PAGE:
Check out  the book 'Nonprofit Finance: A Practical Guide" -- Nominated for the McAdam Book Award
Also check out the book "15 Quick Tips on Becoming a Great Consultant" -- free on Kindle Unlimited

Does your board need a little pep to get going?  Directors may be out of focus and not that energetic about the organization as they were a couple of years ago. People are finding more and more ways to avoid coming to meetings or to focus on programs. The problem is that if the board is down in energy, it's likely to trickle down to others within the organization.  So, what can one do to keep the board of directors engaged and enthusiastic?  

Pay attention to the changing mood in meetings and start talking to people individually. Issues that may be hard to bring to a group can be taken care of privately.  Try to see what is happening to the people.  Are they overwhelmed?  Are only a couple of people working hard, while others are basically coasting? The few who do most of the work are likely to feel the work is not evenly spread and may feel resentful and under appreciated.  This starts slowly with a few directors taking on many tasks over time and the board assuming that all is well and "normal." until these people start to "flake out" or to refuse to do any other work and distance themselves slowly. Some people may just be too eager to take on more and not notice themselves that the work at the board has become full time and that wasn't really the plan. Don't take the "worker bees" for granted and offer to take away some of the work and give to someone else, even if not asked.

Another way to correct this problem is to be sure that everyone in the board has a role and if it's too much for one person, have the role shared by two or three people. Some  organizations use two co-presidents, for instance. The point is to share the workload and responsibilities fairly.

A second problem facing a disengaged board is that only certain people are heard and others are shut down most of the time. So, make sure that everyone is heard because those shut down will go away and that may not be for the best interests of the organization. If bullying is part of this scenario, don't let it go unchecked.  Those who are bullied will be out fast, to the detriment of the organization. It does happen.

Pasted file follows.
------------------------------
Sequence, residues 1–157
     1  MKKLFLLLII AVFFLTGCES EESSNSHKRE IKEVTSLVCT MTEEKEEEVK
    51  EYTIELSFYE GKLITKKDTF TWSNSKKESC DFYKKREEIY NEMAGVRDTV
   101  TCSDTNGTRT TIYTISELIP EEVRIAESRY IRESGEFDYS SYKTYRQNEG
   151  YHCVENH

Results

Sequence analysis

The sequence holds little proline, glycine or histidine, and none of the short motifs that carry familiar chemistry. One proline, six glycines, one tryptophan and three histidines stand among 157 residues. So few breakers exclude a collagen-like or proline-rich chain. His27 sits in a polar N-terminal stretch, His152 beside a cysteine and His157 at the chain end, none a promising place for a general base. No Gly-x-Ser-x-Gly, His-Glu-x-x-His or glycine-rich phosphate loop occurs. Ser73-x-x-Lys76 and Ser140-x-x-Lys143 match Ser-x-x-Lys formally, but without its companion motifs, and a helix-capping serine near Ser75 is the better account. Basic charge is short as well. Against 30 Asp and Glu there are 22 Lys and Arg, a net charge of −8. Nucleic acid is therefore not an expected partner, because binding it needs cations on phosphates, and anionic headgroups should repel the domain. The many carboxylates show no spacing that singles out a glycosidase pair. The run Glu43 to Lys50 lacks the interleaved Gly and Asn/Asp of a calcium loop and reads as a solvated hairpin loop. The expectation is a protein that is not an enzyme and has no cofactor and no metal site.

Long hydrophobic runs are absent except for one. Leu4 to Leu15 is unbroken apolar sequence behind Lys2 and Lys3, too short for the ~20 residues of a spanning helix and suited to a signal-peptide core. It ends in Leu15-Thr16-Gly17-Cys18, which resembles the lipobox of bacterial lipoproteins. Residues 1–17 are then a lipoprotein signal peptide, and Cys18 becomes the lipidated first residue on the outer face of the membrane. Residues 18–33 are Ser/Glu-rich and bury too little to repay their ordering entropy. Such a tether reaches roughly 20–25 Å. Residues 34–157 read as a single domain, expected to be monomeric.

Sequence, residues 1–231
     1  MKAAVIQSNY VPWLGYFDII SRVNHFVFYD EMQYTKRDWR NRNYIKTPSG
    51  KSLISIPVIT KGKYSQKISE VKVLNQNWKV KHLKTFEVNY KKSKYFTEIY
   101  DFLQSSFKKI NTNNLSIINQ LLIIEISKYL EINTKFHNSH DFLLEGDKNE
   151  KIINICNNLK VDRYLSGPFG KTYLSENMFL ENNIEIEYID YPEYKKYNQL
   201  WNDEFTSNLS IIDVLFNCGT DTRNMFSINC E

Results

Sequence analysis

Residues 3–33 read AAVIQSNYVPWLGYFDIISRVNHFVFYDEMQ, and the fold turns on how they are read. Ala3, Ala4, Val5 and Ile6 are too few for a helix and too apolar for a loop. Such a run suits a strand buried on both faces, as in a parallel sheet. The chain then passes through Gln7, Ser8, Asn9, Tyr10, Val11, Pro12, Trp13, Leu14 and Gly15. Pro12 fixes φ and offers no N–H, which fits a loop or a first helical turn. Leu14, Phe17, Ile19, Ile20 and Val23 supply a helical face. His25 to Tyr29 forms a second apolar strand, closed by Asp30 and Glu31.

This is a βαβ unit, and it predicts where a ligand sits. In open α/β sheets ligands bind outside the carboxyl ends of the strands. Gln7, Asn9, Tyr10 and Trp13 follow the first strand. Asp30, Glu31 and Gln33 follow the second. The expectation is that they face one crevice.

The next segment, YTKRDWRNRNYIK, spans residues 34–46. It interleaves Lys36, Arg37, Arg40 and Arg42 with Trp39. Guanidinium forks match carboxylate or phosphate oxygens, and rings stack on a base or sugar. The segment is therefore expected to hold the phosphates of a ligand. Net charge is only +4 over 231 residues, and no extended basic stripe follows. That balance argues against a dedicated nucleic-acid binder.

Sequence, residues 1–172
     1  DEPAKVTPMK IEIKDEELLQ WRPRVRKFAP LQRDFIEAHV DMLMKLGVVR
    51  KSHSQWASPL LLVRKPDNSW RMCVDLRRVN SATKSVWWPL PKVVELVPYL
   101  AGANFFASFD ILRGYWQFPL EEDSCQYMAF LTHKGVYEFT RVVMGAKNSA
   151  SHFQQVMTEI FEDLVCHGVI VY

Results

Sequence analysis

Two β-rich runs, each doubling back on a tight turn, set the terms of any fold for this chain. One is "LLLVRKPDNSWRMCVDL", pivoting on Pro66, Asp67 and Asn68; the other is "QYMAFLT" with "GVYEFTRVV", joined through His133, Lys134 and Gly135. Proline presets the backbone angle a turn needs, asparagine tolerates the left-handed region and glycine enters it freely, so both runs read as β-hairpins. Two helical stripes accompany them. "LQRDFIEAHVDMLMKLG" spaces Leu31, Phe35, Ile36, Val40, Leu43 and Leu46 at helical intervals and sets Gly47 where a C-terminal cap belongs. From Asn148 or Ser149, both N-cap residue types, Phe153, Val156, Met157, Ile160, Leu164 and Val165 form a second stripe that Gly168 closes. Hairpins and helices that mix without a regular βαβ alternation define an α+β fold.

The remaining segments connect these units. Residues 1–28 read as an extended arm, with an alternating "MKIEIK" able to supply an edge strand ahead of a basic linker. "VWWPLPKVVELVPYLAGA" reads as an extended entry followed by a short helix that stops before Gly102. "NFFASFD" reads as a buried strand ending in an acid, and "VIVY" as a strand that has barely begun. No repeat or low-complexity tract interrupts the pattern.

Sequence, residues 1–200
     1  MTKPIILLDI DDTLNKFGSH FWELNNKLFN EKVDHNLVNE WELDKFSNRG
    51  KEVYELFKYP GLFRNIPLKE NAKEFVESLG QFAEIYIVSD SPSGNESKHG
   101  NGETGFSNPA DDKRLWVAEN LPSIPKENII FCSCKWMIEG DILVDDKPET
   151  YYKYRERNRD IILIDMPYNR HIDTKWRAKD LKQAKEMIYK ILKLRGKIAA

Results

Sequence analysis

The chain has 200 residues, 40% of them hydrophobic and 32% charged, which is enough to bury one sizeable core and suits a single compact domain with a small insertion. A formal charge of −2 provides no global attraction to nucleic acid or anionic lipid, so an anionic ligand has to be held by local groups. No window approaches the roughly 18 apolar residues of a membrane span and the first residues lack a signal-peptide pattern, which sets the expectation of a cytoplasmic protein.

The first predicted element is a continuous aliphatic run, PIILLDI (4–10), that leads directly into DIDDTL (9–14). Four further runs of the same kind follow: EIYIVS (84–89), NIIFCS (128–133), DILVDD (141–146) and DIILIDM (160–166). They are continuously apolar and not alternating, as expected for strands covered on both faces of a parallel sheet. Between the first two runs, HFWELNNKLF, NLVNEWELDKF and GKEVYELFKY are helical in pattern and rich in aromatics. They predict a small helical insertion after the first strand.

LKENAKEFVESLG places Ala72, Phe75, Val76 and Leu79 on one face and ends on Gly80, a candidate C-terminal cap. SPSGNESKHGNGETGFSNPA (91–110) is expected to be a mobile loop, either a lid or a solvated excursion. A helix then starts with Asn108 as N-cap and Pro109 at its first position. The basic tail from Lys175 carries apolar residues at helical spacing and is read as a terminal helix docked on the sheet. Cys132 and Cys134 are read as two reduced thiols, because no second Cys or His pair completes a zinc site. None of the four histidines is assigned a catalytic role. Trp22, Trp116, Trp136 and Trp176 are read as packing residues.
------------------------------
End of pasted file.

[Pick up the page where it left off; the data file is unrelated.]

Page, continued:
A third issue is that directors may just lose interest in the board and the organization. To prevent this problem, make sure your directors are getting something out of the organization's activities. Some people may be in for social interactions and networking, while others are passionate about the mission statement and yet others are there to add to their resumes. If a board member doesn't get much back in terms of an exchange for the voluntary work, he/she will lose interest after a while. So, it's important to figure out why people are part of the board to begin with and keep the interest up. Maybe a member is looking for a job and putting him/her in charge of an area that directly relates to what he/she is looking for would be fabulous. Take your time to know what people really want out of their board duties.  

Too keep up the interest, you could rotate board responsibilities around. Someone working for three years at a certain program may be tired of it and may need a change, even though the person may be comfortable in that role.  But too much comfort can lead to boredom, and a change may be in order before the person's interest wanes.  Maybe that person can work on a different program or area within the organization. Maybe he or she want to learn a new skill or meet different people. Offer suggestions to the person and see how he or she reacts. 

Overall, the idea here is to recognize individual board members needs, and to take an individualized approach to board disengagement Oftentimes, people are just feeling under appreciated and not getting much out of the board as they expected. Since the board's lack of energy and commitment trickle down throughout the organization, this is a serious issue that must be addressed as soon as possible. 

Read about risks working with volunteers here 
Read also No more Audit Freak out
Check out  the book 'Nonprofit Finance: A Practical Guide" -- Nominated for the McAdam Book Award
Also check out the book "15 Quick Tips on Becoming a Great Consultant" -- free on Kindle Unlimited